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This memorial honors Wallace Lea Chesbro, an American veteran, who shares a common undeniable goal with all American veterans to protect our country's freedoms. Forever a symbol of heroism, sacrifice, loyalty and freedom. "No man is entitled to the blessings of freedom unless he be vigilant in its preservation." -Gen. Douglas MacArthur

  • 1st Marine Division Insignia
  • USS Comfort Hospital Ship
  •  Wallace Lea Chesbro Grave
  • USS Comfort Crew

Wallace L. Chesbro was born on June 6th, 1913 in Osterville, Massachusetts. He graduated Barnstable High school in the late 1920’s and married Bertha Mildred Chesbro. He studied medicine at the University of Massachusetts Amherst where he also found time to be part of the chorus and play football. Wallace Chesbro graduated from Tufts Medical School he did his surgery residency at Peter Bent Brigham Hospital in Boston, while there he accepted a commission in the United States Navy in April of 1942.

Wallace L. Chesbro, M.D. rose to the rank of Lieutenant Commander part of the medical staff of the 1st Marine Division at Guadalcanal part of the Solomon Islands.

In 1945 he served on the U.S.S Comfort a hospital ship which evacuated wounded soldiers and marines from the Philippines, Subic Bay and Guam. The wounded was brought back to California for hospitalization and further medical treatments.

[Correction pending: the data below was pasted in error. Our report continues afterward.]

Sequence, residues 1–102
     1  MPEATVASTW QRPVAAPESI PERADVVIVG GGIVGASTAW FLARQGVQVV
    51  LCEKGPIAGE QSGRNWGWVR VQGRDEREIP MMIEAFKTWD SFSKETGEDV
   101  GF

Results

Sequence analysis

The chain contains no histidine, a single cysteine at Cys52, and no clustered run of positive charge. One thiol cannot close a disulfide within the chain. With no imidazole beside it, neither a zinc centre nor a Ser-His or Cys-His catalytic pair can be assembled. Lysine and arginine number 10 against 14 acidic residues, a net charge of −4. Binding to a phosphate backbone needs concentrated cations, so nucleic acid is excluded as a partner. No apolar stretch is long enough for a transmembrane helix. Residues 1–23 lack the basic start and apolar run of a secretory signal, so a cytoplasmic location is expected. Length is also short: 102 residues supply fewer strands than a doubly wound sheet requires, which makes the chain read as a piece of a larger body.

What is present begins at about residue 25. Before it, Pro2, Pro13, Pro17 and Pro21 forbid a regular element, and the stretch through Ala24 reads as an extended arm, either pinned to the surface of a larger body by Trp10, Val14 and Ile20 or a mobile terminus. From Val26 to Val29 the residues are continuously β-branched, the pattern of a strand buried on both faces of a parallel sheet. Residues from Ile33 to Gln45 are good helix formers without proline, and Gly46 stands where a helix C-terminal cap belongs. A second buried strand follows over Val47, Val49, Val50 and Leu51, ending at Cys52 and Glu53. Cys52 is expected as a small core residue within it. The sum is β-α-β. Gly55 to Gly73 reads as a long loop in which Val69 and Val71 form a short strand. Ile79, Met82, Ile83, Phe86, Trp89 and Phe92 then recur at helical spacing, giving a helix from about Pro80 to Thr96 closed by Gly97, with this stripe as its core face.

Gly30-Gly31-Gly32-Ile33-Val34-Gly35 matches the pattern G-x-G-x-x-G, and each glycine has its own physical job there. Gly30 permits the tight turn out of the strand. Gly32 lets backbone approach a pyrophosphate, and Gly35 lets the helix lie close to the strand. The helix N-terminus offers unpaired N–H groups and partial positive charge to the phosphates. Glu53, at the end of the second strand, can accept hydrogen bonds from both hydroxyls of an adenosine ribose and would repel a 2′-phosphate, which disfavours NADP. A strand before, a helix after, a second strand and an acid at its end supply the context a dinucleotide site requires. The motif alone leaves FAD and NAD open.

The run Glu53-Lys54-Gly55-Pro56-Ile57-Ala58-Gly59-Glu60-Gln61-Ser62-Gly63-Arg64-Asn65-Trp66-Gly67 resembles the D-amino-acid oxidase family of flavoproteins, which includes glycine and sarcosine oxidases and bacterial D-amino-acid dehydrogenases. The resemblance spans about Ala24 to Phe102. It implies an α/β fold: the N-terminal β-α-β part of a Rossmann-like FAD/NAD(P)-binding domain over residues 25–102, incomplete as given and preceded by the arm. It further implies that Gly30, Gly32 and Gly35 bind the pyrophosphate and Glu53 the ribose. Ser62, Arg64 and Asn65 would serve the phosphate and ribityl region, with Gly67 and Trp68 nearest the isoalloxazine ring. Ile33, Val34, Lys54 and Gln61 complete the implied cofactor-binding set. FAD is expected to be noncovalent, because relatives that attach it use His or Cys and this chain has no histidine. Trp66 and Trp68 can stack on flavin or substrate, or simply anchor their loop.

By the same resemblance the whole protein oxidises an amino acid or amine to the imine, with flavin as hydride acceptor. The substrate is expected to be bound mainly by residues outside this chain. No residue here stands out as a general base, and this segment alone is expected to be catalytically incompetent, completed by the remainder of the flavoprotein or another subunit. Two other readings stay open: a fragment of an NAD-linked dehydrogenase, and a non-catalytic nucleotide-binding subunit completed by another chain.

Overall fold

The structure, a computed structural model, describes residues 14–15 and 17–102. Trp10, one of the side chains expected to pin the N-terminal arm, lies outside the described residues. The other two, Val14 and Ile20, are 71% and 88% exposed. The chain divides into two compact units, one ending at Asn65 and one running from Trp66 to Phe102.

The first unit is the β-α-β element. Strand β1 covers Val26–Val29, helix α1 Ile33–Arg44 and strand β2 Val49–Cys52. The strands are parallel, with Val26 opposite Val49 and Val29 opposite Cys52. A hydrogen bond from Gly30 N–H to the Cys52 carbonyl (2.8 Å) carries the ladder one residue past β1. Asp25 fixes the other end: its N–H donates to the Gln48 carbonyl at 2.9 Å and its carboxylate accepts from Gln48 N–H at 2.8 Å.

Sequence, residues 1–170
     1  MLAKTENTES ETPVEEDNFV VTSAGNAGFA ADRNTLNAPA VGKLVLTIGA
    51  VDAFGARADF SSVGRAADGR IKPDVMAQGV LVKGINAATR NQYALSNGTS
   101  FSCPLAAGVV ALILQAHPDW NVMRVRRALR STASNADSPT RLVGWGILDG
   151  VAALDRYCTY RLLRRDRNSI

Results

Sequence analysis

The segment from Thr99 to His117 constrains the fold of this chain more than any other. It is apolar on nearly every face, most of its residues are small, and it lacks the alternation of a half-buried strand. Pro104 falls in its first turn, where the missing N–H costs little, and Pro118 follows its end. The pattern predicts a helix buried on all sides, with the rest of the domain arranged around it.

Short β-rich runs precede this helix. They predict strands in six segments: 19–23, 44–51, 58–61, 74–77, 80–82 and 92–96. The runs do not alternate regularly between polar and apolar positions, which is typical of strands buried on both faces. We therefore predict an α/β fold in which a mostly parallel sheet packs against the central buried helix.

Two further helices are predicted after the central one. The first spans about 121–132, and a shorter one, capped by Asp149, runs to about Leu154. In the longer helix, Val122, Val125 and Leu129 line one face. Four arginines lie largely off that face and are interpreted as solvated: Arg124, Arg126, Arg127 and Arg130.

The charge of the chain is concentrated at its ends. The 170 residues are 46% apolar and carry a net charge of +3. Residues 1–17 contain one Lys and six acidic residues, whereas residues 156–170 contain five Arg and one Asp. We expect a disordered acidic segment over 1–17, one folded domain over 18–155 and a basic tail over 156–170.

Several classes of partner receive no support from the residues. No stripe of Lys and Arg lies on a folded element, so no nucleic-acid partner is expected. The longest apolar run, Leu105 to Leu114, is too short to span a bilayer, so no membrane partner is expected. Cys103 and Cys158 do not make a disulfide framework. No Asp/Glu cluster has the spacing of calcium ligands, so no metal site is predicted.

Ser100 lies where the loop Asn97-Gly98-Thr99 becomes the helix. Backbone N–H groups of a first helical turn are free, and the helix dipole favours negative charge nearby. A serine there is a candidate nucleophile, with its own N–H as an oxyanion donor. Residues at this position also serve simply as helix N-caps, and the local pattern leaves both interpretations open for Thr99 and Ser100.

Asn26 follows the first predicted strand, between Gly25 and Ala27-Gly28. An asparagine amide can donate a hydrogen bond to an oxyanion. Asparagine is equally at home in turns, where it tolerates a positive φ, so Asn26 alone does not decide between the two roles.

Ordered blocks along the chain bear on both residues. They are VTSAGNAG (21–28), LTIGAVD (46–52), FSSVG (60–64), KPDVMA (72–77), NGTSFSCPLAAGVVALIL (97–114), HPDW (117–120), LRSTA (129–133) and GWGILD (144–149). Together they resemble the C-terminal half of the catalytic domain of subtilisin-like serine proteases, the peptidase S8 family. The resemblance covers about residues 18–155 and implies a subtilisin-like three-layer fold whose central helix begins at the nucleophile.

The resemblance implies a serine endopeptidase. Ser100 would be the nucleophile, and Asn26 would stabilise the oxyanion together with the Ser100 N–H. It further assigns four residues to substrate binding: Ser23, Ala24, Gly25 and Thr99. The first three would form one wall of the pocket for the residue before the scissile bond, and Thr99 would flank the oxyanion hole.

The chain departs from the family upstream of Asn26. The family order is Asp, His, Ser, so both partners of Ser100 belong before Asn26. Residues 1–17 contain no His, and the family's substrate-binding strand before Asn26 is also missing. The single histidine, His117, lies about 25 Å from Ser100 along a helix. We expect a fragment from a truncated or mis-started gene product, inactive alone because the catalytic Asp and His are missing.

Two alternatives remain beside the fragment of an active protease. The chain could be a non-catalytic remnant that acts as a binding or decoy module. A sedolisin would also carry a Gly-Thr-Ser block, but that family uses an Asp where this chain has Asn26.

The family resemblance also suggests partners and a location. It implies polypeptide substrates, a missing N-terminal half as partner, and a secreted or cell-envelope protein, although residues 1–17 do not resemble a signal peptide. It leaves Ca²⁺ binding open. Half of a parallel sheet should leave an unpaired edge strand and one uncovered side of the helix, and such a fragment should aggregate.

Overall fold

Returning to Okinawa on April 6th, 1945 and during the Battle of Okinawa (was the last major battle of World War II, and one of the bloodiest) on April 28, 1945 the hospital ship was struck by Japanese Kamikaze Plane which killed 29 people including Lieutenant Commander Wallace L. Chesbro M.D. leaving 48 others wounded and caused considerable damages.

The remains of Wallace L. Chesbro are buried in Fort Rosecrans National Cemetery in San Diego, California. His memorial stands on the intersection of Main Street and Wianno Avenue in Osterville, Massachusetts. He was awarded two Purple Hearts.

Accessed February 26th 2020.

Accessed February 26th 2020.

Helling M.D., Thomas. Desperate Surgery In The Pacific War: Doctors and Damage Control For American Wounded, 1941-1945. McFarland & Company, 2017.

Harper, Dale P.. Too Close For Comfort. Trafford Publishing, 2007.

Accessed February 26th 2020.

Accessed February 26th 2020.

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